Issues and Ethics with Lateral Moves and Law Partners from Bankrupt Law Firms
When a partner leaves a law firm that is dissolving or bankrupt, special issues arise, as the following cases and situations illustrate. Knowing that their firm is on the rocks, partners may leave and take with them the firm’s most profitable clients. This will often accelerate the firm’s “death spiral.”
Other issues arise when a lateral partner moves to a new firm that then becomes bankrupt shortly thereafter.
Some of the issues are:
- What if a dissolving firm doesn’t have a partnership agreement?
- When partners split up, who is entitled to income from the winding up of “unfinished business”?
- When a firm goes bankrupt, is “unfinished business” an asset of the bankrupt firm’s estate?
- Can partners in a dissolving firm waive any right to “unfinished business” taken by other partners?
- Can a bankruptcy trustee “claw back” compensation paid to partners in an insolvent firm?
- What if a lateral partner receives a hiring bonus as a “rainmaker,” but the firm goes bankrupt within a short period after that hire?
Jewel v. Boxer is a 1984 California Court of Appeal case that has lent its name to a clause used by many dissolving firms, as discussed in greater detail in the case that follows this one.
In 1977, the law firm of Jewel, Boxer and Elkind was dissolved by the agreement of its four partners, who went on to form two new firms. Three associates employed by the old firm went to one of the new firms.
As the court noted:
The partners in the old firm not only lacked an agreement about the allocation of fees from active cases upon a dissolution of the partnership but, contrary to the sound legal advice they undoubtedly always gave their partnership clients, they had no written partnership agreement. The absence of a written partnership agreement was an invitation to litigation upon a dissolution of the partnership.
After dissolution, the new firms represented clients under fee agreements into between the clients and the old firm. Two of the former partners filed a complaint for an accounting of these fees, claiming that they were assets of the dissolved partnership.
The court noted that:
Under the Uniform Partnership Act (Corp. Code, § 15001 et seq.), a dissolved partnership continues until the winding up of unfinished partnership business. (Corp. Code, § 15030.) No partner (except a surviving partner) is entitled to extra compensation for services rendered in completing unfinished business. (Corp. Code, § 15018, subd. (f).) Thus, absent a contrary agreement, any income generated through the winding up of unfinished business is allocated to the former partners according to their respective interests in the partnership. (Emphasis added.)
The court also noted that:
There are sound policy reasons for applying the rule against extra compensation to law partnerships. The rule prevents partners from competing for the most remunerative cases during the life of the partnership in anticipation that they might retain those cases should the partnership dissolve. It also discourages former partners from scrambling to take physical possession of files and seeking personal gain by soliciting a firm’s existing clients upon dissolution.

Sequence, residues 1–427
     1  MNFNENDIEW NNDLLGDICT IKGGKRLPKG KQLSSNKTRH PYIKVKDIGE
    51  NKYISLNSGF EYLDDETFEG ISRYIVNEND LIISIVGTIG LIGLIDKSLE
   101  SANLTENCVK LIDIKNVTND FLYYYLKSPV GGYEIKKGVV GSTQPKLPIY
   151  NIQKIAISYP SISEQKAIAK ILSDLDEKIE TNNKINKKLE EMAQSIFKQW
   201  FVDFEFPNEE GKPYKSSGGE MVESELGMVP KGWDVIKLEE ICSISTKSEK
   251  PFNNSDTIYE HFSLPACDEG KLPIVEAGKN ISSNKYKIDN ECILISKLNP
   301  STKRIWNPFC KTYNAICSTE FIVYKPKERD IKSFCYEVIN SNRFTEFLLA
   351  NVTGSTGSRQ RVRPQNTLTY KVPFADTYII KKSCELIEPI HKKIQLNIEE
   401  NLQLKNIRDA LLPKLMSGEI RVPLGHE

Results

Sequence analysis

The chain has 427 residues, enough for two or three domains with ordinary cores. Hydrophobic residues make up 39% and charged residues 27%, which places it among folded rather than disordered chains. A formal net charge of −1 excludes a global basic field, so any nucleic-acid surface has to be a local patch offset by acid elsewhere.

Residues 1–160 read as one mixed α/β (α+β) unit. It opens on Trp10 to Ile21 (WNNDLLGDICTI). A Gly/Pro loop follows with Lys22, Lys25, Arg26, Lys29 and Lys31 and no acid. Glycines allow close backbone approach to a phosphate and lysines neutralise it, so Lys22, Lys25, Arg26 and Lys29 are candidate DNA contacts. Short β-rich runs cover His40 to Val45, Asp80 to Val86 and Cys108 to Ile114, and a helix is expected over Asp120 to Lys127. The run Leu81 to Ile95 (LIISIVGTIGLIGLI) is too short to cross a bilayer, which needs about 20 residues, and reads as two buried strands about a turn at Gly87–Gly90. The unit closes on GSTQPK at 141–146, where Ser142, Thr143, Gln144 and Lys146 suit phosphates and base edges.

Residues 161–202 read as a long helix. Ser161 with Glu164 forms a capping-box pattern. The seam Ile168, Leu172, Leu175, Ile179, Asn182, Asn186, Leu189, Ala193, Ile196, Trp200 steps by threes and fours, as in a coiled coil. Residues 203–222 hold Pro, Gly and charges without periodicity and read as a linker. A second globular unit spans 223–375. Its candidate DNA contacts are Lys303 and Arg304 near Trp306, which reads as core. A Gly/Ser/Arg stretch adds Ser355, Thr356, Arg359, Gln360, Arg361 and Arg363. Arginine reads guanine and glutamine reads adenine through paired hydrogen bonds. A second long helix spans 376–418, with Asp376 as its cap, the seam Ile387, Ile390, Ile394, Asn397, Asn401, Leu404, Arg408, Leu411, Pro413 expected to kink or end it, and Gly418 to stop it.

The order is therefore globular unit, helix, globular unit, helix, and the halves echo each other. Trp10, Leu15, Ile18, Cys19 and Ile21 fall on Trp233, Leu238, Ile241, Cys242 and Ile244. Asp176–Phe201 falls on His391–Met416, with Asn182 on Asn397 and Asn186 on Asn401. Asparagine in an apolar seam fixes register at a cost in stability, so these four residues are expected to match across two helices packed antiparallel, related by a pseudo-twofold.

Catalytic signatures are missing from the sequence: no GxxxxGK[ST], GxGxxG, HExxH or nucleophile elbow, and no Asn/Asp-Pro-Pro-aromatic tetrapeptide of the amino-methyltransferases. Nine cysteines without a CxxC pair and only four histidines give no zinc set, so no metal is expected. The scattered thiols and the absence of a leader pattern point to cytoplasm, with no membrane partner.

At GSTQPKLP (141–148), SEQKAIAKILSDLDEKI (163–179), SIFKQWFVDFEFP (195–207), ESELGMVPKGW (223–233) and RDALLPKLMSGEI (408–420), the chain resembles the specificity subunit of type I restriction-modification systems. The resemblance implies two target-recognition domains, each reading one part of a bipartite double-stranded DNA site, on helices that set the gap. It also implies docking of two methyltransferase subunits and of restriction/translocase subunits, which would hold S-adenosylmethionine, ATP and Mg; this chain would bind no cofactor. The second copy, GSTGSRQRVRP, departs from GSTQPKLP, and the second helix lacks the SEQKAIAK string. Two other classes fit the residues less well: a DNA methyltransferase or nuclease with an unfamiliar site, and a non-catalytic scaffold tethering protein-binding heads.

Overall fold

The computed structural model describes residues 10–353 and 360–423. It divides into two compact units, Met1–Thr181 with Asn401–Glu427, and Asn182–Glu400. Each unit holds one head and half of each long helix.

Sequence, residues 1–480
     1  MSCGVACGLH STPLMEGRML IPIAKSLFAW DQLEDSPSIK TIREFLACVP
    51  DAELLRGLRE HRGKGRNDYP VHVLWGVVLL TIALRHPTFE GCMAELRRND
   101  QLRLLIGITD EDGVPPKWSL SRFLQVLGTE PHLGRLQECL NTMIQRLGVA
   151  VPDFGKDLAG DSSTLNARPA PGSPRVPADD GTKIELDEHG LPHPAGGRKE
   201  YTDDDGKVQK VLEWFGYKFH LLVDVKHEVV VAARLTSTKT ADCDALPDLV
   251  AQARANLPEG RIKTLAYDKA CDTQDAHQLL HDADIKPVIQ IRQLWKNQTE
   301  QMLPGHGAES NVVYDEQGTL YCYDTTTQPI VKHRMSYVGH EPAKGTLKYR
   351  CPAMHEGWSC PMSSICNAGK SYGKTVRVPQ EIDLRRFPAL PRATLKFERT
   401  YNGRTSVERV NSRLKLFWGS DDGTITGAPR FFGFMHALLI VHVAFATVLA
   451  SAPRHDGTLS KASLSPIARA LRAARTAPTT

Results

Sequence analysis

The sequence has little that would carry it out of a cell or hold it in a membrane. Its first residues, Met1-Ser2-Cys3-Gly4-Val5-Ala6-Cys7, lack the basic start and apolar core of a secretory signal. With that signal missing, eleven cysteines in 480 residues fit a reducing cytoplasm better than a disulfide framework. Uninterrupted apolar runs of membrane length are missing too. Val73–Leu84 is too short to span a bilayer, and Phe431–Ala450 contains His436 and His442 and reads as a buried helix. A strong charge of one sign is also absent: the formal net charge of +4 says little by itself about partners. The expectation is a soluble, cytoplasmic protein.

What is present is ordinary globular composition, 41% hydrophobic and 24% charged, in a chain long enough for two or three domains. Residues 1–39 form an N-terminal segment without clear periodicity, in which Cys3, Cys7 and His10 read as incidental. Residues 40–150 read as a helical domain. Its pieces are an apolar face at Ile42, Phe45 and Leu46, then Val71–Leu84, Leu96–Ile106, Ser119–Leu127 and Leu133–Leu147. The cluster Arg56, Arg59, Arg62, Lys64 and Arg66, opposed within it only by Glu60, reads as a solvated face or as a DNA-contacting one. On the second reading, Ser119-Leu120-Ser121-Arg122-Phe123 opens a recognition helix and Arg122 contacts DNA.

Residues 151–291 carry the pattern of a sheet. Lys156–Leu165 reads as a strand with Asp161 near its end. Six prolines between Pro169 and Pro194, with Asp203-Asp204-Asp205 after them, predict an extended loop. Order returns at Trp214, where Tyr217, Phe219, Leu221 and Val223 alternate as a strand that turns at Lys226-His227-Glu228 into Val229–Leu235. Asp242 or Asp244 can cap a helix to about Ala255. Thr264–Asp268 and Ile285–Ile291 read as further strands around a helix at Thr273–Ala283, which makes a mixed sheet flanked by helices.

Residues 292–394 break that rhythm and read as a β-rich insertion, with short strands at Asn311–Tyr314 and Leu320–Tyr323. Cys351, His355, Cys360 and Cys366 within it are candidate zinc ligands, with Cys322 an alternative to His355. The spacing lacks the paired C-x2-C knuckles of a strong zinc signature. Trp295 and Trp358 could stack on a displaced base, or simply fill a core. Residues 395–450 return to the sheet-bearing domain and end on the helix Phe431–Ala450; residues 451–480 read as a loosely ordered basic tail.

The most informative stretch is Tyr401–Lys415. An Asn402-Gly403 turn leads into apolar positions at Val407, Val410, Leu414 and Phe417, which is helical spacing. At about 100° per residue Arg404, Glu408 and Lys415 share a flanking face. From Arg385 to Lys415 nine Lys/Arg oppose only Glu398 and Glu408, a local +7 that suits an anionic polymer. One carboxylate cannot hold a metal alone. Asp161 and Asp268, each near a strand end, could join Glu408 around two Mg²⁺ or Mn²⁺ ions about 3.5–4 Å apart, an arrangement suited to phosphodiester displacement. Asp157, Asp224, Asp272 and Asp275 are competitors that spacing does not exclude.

Thus, the court concluded that:
In the absence of a partnership agreement, the Uniform Partnership Act requires that attorneys’ fees received on cases in progress upon dissolution of a law partnership are to be shared by the former partners according to their right to fees in the former partnership, regardless of which former partner provides legal services in the case after the dissolution. The fact that the client substitutes one of the former partners as attorney of record in place of the former partnership does not affect this result.
In 2014, the New York Court of Appeals found that the estates of bankrupt law firms are not entitled to claim hourly fees for unfinished client matters earned by partners who move on to new firms. The decision arose from the bankruptcies of two major firms.
In 2008, the partners of the law firm Thelen LLP voted to dissolve the firm, which was insolvent. The partnership agreement included an “unfinished business waiver” that read:
[n]either the Partners nor the Partnership shall have any claim or entitlement to clients, cases or matters ongoing at the time of the dissolution of the Partnership other than the entitlement for collection of amounts due for work performed by the Partners and other Partnership personnel prior to their departure from the Partnership. The provisions of this [section] are intended to expressly waive, opt out of and be in lieu of any rights any Partner of the Partnership may have to “unfinished business” of the Partnership, as the term is defined in Jewel v Boxer… or as otherwise might be provided in the absence of this provision through the interpretation of the [California Uniform Partnership Act of 1994, as amended].